Romer’s Contract Is Extended to 2007

Times Staff Writers

In a vote of confidence for Los Angeles schools Supt. Roy Romer, the Board of Education on Thursday extended his contract as leader of the nation’s second-largest school system until 2007.

Board President Jose Huizar said the action “brings stability to the district, which this district very much needs.”

Since he joined the Los Angeles Unified School District in 2000, Romer has launched a massive school building program and has pushed to improve academics. Elementary and middle schools have shown significant rises in standardized test scores, although high schools have lagged behind.


Most details of the superintendent’s contract will stay the same, including his annual salary of $250,000 and a $30,000 expense account for meals and entertainment.

The former governor of Colorado and chairman of the Democratic National Committee, Romer turns 76 in October. He said he did not want to retire yet and was eager to finish his work in Los Angeles schools.

“My mind is active and my body is active,” he said.

“It’s tough work,” he added. “But I happen to have satisfaction in doing tough work these days.... And we have really made remarkable gains in four years.”

Romer’s current contract, which expires in June 2005, will be replaced by a new contract through June 2007. As part of a compromise, either party can terminate the pact before its third year.

That arrangement addresses some concerns expressed by board members in previous weeks that an extension to 2007 would leave them little flexibility. Some trustees, including Huizar, originally wanted to add a year at a time to Romer’s contract. But a 6-0 vote Thursday approved the extension, with board member Marguerite Poindexter-LaMotte abstaining.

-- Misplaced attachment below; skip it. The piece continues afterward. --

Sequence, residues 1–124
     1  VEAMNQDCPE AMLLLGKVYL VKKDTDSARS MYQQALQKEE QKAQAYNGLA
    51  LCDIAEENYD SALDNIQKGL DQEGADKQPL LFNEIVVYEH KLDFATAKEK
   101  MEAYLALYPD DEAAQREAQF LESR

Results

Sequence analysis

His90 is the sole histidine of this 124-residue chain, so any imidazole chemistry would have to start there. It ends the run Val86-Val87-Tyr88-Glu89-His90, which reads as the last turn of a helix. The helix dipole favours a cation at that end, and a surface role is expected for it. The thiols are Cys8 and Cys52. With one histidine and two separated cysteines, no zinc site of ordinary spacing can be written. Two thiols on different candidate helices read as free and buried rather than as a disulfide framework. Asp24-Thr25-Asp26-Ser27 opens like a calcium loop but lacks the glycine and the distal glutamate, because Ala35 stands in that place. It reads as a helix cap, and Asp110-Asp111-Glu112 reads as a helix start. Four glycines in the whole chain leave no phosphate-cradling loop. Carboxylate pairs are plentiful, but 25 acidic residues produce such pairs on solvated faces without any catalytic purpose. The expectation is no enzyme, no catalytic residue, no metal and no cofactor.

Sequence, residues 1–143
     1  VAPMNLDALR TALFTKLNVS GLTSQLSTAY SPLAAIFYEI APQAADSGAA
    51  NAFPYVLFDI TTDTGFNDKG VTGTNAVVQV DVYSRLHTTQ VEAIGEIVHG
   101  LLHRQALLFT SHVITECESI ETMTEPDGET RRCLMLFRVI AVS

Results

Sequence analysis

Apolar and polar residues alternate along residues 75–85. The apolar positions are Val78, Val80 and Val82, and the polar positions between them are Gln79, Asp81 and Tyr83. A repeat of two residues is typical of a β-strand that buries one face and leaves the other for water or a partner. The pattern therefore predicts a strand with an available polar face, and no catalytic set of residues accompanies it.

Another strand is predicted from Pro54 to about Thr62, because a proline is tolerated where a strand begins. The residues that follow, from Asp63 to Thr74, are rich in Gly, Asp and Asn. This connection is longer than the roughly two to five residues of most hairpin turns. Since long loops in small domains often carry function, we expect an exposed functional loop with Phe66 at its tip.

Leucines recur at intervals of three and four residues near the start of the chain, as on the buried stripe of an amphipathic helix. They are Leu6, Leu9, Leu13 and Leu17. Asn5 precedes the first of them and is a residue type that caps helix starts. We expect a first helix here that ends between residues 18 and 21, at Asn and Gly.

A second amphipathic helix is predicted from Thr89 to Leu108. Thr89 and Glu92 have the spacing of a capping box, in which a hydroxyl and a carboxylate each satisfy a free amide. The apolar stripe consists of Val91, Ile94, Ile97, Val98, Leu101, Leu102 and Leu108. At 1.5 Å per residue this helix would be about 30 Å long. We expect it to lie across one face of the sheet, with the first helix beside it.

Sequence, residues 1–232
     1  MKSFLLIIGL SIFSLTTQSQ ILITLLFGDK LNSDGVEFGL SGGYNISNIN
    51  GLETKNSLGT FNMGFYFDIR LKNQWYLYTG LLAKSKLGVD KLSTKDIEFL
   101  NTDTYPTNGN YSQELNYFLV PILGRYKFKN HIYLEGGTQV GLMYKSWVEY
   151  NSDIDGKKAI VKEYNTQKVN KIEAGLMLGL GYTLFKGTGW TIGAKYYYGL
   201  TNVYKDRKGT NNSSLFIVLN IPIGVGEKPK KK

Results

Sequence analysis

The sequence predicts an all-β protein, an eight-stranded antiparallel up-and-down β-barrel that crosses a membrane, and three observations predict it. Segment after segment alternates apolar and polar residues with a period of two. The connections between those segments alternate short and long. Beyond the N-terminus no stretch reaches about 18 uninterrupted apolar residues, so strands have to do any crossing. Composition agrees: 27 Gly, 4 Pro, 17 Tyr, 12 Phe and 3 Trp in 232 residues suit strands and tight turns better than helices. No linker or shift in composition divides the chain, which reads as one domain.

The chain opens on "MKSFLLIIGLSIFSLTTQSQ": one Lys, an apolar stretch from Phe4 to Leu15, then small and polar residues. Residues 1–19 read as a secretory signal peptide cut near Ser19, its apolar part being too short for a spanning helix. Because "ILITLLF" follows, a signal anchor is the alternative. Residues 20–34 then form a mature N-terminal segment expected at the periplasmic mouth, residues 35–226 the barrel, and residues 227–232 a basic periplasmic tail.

Romer has been widely credited with refocusing instructional programs, spearheading the aggressive construction effort and energizing a bureaucracy long ridiculed as inefficient -- even as he drew the ire of teachers who accused him of pushing centralized reforms without listening to their concerns.

Romer hired experienced professionals to run the district’s key operations, such as facilities and procurement. He pressed for centralized reading and math curriculums that standardized instruction. And he launched two successful bond campaigns, raising $14 billion for building new schools to ease severe overcrowding.

At the same time, state budget crunches have meant that Romer has presided over nearly $1 billion in cuts in the last two years, reluctantly raising class sizes in grades 4 through 12 and slashing many support services.

In an interview Thursday, United Teachers Los Angeles President John Perez said the superintendent would succeed only if he included teachers in decisions that affected classrooms.

“Most people like Romer tend to view teachers as grown-up children who are best not heard,” Perez said. “We are going to try to continue educating the superintendent about what goes on in the classroom. We’re not going to stop.”

Former board President Caprice Young called the contract extension a smart move, saying that “we’ll all be better off with three more years of Roy Romer.” Young, who was on the board when it hired Romer and now runs a charter school organization, said the superintendent had brought credibility to the district.